Power Supply Requirements

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Postby Rabidwerewolf » Sun Jul 01, 2007 9:16 pm

I've read through this sticky, and I would like to add one piece of advice that I have not seen mentioned. In figuring out how much wattage you need and therefore, what power supply you will be getting, it is very important to take into consideration that no power supply is 100% efficient. In other words, there will always be some loss when converting AC to DC due to the inefficiency of electrical devices. In addition you also need to take into consideration the effect of power output and consumption as capacitors age. Older capacitors equals less efficiency.

Don't always take the efficiency rating that the actual power supply company slaps on its product. It is usually not an average, but the best rating one power supply may have gotten out of "xx" number, and/or it may not be the efficiency rating at peak output. It is wiser to go by independent third party reviews and lab tests. One good site to get efficiency ratings is:


Just click on the computer industry tab followed by the view certified products and suppliers to get to this list of power supplies with an average efficiency rating of at least 80% or higher:


When testing or looking at reviews of power supplies, the volt-amp value(which is known as VA) is how much power is being consumed by the power supply being tested to provide the wattage value. The higher the VA value is, the more electricity is being used by the power supply, and the less efficient it is. The closer the volt-amps and wattage figures are to each other, the more efficient a power supply is. This is called the Power Factor(PF): wattage / volt-amps = PF. Power supplies generally are anywhere from 70% efficient as far as the poorer quality ones go, 75% to 80% for average quality, at least 80% to 83% for good quality, to as high as 85% to 88% for very high quality power supplies. Based on this, whatever wattage power supply you take a look at getting, you need to take that power supplies efficiency rating into account. In other words, if you can not find an efficiency rating on a power supply other than what the manufacturer supplies, I would not recommend getting it no matter how good the brand name.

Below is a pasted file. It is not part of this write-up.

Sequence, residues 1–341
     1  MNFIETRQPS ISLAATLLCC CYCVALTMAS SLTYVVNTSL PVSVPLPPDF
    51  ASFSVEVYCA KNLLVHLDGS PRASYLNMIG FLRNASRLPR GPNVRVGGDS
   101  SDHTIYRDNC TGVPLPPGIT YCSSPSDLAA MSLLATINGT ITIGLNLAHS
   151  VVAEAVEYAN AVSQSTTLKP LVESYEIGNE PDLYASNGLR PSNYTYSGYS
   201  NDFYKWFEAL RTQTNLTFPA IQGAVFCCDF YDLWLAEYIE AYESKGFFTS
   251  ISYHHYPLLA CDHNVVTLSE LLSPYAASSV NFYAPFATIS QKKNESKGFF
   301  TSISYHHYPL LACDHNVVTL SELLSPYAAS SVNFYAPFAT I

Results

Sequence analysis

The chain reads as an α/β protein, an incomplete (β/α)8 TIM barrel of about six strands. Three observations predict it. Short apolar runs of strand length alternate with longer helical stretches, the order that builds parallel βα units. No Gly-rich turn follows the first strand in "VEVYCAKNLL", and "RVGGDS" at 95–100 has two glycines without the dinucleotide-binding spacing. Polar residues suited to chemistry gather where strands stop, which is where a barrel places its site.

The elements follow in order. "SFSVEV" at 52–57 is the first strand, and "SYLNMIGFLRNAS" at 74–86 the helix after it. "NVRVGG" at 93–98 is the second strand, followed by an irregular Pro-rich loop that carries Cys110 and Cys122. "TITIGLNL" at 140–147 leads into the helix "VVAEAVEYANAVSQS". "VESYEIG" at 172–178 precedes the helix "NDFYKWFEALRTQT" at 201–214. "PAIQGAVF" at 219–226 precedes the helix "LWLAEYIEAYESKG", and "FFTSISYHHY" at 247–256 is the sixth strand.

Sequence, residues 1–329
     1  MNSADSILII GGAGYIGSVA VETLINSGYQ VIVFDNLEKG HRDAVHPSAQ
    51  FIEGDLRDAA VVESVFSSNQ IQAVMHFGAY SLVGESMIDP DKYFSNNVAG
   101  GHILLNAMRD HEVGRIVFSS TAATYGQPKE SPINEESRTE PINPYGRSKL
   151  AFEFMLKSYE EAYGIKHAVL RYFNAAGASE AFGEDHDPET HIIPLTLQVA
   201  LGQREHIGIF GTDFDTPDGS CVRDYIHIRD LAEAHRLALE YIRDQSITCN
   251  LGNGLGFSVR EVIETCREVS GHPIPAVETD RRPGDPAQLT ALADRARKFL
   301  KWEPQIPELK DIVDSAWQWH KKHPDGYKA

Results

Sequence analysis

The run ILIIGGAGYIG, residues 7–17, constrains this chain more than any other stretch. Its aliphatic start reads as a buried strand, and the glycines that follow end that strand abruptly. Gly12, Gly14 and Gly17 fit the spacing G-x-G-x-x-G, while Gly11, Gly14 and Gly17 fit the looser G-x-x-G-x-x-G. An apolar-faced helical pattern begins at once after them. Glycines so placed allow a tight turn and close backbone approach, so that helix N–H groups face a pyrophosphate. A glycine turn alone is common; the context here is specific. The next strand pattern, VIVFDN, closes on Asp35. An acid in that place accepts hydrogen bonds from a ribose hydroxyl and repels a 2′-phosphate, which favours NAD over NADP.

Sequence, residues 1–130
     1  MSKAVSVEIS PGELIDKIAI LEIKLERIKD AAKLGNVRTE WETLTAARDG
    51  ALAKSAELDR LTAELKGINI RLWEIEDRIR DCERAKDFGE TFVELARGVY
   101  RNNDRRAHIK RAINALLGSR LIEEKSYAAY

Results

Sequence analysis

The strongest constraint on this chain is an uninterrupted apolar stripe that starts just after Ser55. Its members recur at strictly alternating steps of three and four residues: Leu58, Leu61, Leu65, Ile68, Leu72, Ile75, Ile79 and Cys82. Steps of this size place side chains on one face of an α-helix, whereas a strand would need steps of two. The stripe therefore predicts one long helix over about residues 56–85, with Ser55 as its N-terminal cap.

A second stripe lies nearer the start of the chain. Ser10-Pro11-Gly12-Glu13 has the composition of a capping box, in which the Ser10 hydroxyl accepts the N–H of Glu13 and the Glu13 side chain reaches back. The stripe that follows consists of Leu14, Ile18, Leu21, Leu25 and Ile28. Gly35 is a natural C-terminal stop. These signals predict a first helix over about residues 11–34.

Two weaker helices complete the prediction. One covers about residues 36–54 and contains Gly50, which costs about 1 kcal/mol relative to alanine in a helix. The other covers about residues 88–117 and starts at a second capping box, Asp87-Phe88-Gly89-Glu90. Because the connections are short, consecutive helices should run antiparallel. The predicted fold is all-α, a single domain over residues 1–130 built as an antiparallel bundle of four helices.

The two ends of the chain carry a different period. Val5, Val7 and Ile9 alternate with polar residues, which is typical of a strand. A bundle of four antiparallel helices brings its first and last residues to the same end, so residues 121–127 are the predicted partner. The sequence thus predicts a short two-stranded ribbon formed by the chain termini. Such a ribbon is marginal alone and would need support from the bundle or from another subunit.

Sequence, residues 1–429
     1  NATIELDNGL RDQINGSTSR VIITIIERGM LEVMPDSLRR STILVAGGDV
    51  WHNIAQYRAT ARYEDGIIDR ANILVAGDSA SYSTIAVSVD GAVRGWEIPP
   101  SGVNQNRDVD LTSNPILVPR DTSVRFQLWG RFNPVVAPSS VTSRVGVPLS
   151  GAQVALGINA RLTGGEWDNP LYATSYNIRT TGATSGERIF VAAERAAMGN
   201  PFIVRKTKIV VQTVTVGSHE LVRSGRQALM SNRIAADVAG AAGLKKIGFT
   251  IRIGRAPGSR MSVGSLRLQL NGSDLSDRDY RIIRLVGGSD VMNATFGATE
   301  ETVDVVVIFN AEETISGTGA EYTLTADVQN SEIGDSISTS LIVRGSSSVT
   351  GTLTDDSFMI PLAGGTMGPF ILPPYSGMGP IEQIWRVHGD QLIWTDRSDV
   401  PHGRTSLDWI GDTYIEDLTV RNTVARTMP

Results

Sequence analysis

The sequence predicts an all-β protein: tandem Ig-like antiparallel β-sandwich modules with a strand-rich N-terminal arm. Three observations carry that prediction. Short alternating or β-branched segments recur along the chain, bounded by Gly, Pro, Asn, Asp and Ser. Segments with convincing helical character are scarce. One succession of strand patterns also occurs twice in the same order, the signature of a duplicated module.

Here is another good site:


This is a good site if you don't know the actual manufacturer of your PSU as it explains how to find out:


I hope this info provides useful in making your next decision to purchase your next power supply.
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Postby mr newbie » Sun Feb 15, 2009 10:42 pm

Ryn wrote:just found this one and i think its a good psu calculator, it even calculates your oc'ed rigs :wink:

eXtreme PSU Calculator

I like this one, pretty detailed. Take it with a grain of salt though, as OC'ing one cpu on there actually dropped the total wattage estimate...... :lol:
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